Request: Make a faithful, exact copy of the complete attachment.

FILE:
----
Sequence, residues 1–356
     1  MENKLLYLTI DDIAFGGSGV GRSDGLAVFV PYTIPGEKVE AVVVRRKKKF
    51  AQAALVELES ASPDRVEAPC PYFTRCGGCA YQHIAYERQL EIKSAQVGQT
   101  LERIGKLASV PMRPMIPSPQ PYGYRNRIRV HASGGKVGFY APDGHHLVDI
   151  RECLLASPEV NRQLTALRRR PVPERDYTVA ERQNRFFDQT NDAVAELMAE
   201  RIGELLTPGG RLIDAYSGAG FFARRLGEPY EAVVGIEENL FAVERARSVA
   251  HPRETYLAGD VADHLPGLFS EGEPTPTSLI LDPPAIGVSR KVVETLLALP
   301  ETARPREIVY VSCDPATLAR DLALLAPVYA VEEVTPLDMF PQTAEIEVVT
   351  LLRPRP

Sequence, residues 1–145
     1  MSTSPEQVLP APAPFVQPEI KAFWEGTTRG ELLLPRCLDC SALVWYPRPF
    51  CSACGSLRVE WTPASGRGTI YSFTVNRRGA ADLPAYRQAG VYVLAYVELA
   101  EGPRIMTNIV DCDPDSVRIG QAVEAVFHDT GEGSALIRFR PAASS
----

Sequence, residues 1–356
     1  MENKLLYLTI DDIAFGGSGV GRSDGLAVFV PYTIPGEKVE AVVVRRKKKF
    51  AQAALVELES ASPDRVEAPC PYFTRCGGCA YQHIAYERQL EIKSAQVGQT
   101  LERIGKLASV PMRPMIPSPQ PYGYRNRIRV HASGGKVGFY APDGHHLVDI
   151  RECLLASPEV NRQLTALRRR PVPERDYTVA ERQNRFFDQT NDAVAELMAE
   201  RIGELLTPGG RLIDAYSGAG FFARRLGEPY EAVVGIEENL FAVERARSVA
   251  HPRETYLAGD VADHLPGLFS EGEPTPTSLI LDPPAIGVSR KVVETLLALP
   301  ETARPREIVY VSCDPATLAR DLALLAPVYA VEEVTPLDMF PQTAEIEVVT
   351  LLRPRP

Sequence, residues 1–145
     1  MSTSPEQVLP APAPFVQPEI KAFWEGTTRG ELLLPRCLDC SALVWYPRPF
    51  CSACGSLRVE WTPASGRGTI YSFTVNRRGA ADLPAYRQAG VYVLAYVELA
   101  EGPRIMTNIV DCDPDSVRIG QAVEAVFHDT GEGSALIRFR PAASS